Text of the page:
The last of the dragons, Mycroft repeated to him. As if emphasizing it would somehow suddenly cause Sherlock to care.
He had met the queen once. She looked at him with the same fearful curiosity that everyone else did—she just hid it better. Her teacup trembled against her saucer though and Sherlock had tilted his head and flexed his fingers, delighting at the way that the guards edged forward and the way that Mycroft had said, sharp, “Sherlock.”
When he was eighteen, Sherlock shaved his head and bought tattered jeans that fit tight around his legs. He liked the way he looked, strange and alienish in the full length mirror.
The man who would become his dealer picked him up on that first night when he slunk into a club and hoped not to be recognized as he tapped his fingers against his mojito and tried not to cringe in revulsion at the stench of sex and humans hanging dense. “Let’s get out of here,” the man said, curling his hand around his elbow. He pressed his nose against Sherlock’s pale scalp, and Sherlock thought yes, yes, this was it, he would collect excitement the same way that his brother collected people.
The man’s name was B. Sherlock said his name was Neon but B laughed and kissed his mouth and told Sherlock that he would call him Jared, the name of his ex-boyfriend. Sherlock didn’t care that he was coming second to some junkie who had died of an overdose five months ago because this was the thrill of it: knives in dark alleyways and chemicals that made his heart pound uncomfortably hard—and Sherlock hoped that maybe his heart would beat so hard that it would wear itself out.
B didn’t recognize him for three months and then it was the end of summer when Mycroft found him curled up on B’s ratty sofa with a diamond-tipped needle in his arm and the stench of whiskey on his breath. He laughed when Mycroft shouted at him.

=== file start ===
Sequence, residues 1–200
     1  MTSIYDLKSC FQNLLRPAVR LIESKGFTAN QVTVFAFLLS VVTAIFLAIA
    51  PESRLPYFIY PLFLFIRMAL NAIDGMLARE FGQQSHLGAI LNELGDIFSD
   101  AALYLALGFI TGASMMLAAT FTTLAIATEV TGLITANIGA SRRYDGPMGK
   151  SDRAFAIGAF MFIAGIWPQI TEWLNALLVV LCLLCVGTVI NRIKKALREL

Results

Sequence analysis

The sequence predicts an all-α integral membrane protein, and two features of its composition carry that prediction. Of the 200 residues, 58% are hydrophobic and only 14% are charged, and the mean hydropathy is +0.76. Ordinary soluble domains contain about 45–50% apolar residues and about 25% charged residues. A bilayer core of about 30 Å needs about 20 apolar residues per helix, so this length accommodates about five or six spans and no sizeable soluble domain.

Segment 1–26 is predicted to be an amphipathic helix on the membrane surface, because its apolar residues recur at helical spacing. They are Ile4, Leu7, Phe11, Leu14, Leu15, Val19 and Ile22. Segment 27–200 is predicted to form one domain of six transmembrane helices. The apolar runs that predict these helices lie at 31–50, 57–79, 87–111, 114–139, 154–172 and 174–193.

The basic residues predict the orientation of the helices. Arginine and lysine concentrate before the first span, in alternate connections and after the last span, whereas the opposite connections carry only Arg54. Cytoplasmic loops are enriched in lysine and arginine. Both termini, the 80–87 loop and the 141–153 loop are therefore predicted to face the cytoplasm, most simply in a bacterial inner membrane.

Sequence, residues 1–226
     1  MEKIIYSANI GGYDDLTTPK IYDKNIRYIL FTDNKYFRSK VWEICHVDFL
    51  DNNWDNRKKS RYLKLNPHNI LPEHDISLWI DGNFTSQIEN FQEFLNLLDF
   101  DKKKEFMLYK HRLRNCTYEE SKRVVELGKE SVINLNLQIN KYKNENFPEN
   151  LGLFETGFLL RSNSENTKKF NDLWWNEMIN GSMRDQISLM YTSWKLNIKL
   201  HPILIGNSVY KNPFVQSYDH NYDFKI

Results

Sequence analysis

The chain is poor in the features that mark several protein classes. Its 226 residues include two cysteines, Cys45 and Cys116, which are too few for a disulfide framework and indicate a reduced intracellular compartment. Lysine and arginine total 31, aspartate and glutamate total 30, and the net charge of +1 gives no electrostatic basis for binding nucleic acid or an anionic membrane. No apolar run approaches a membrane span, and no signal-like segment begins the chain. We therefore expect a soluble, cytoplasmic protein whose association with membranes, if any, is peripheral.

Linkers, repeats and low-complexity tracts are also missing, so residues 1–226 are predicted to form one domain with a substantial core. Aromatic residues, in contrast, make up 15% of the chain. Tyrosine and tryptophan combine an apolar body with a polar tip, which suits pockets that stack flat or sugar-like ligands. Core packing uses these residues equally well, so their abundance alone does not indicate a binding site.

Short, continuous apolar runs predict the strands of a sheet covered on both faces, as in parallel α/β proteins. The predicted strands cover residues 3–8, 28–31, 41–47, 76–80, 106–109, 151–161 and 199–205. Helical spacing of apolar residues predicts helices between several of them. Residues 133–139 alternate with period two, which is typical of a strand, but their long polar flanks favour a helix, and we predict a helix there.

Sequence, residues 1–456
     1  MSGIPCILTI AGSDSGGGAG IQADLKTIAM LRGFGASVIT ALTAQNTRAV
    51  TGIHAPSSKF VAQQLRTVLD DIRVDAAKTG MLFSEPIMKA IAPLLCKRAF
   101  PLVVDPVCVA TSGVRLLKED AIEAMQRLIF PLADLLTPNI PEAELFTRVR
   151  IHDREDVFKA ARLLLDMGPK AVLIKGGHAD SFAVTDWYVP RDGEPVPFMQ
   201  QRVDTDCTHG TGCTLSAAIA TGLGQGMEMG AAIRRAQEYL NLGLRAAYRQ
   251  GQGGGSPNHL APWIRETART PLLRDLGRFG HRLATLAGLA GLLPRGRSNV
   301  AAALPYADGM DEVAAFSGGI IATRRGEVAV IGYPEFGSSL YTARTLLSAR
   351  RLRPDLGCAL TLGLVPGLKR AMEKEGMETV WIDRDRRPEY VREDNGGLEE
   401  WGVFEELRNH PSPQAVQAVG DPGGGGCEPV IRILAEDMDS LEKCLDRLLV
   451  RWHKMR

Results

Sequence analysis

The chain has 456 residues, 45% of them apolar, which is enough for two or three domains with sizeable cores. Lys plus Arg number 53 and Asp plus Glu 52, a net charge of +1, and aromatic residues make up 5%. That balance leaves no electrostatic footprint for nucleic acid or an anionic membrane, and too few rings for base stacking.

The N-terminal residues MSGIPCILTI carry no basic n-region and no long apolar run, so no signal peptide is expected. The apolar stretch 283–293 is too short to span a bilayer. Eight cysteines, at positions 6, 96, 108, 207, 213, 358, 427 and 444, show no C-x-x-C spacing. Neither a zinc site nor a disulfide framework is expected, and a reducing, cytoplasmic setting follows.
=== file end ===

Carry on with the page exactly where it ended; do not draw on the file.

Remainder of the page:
Later B wouldn’t touch him, wouldn’t even look at him. He flinched away when Sherlock touched his shoulder. And Sherlock said, “It’s just me, I’m still me, I’m your Jared.”
And B had said, “My Jared is dead,” and then he never said anything to Sherlock ever again.
When Sherlock was little, he would steal knives from the kitchen or his father’s razors and he would hide them in his sock drawer. And when the cook was fired for stealing from the Holmes estate, Sherlock never said a thing and didn’t feel guilty about it at all.
During one of the Holmes’ Christmas parties, one of the servants’ sons left behind a butterfly knife on a table in the hallway. When he wasn’t looking, Sherlock took it and retreated to his room. When he opened the blade, he cut himself. He didn’t notice though, and spent the rest of the evening leaving bloody handprints on his aeroplane models and books.
Later that week, his mummy called him into the study and Sherlock stood with his hands behind his back and pretended to pay attention while she said, “You have to be more careful with your blood, Sherlock. There are people who would sell their souls for a vial.”
Dangerous, Sherlock realized. Fun.
Mummy arranged his arms at the photoshoot and touched his face and said, “My lovely baby, my darling dragon, stay still for mummy will you?” Sherlock was only a year old then. He was just a baby, still just a human.
The newspapers printed his name before he could even read and they said words like legacy and extinction but Sherlock wouldn’t understand, not for years.